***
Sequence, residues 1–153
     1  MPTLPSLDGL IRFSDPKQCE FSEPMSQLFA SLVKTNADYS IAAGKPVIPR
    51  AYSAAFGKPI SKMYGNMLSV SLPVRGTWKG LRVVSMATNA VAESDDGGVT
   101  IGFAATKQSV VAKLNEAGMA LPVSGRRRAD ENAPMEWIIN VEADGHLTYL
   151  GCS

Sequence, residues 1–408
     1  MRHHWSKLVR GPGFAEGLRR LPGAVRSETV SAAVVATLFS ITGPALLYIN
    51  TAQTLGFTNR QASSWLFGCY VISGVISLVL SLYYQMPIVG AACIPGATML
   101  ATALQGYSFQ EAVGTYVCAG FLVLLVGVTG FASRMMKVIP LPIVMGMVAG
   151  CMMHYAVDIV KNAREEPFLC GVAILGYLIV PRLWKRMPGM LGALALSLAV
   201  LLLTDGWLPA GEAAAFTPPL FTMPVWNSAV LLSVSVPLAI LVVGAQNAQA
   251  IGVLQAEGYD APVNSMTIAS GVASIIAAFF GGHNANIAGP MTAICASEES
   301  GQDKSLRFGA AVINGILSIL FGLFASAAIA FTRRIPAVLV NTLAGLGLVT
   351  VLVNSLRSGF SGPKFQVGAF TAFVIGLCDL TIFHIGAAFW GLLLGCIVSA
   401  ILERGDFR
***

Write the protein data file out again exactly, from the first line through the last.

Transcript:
Sequence, residues 1–153
     1  MPTLPSLDGL IRFSDPKQCE FSEPMSQLFA SLVKTNADYS IAAGKPVIPR
    51  AYSAAFGKPI SKMYGNMLSV SLPVRGTWKG LRVVSMATNA VAESDDGGVT
   101  IGFAATKQSV VAKLNEAGMA LPVSGRRRAD ENAPMEWIIN VEADGHLTYL
   151  GCS

Sequence, residues 1–408
     1  MRHHWSKLVR GPGFAEGLRR LPGAVRSETV SAAVVATLFS ITGPALLYIN
    51  TAQTLGFTNR QASSWLFGCY VISGVISLVL SLYYQMPIVG AACIPGATML
   101  ATALQGYSFQ EAVGTYVCAG FLVLLVGVTG FASRMMKVIP LPIVMGMVAG
   151  CMMHYAVDIV KNAREEPFLC GVAILGYLIV PRLWKRMPGM LGALALSLAV
   201  LLLTDGWLPA GEAAAFTPPL FTMPVWNSAV LLSVSVPLAI LVVGAQNAQA
   251  IGVLQAEGYD APVNSMTIAS GVASIIAAFF GGHNANIAGP MTAICASEES
   301  GQDKSLRFGA AVINGILSIL FGLFASAAIA FTRRIPAVLV NTLAGLGLVT
   351  VLVNSLRSGF SGPKFQVGAF TAFVIGLCDL TIFHIGAAFW GLLLGCIVSA
   401  ILERGDFR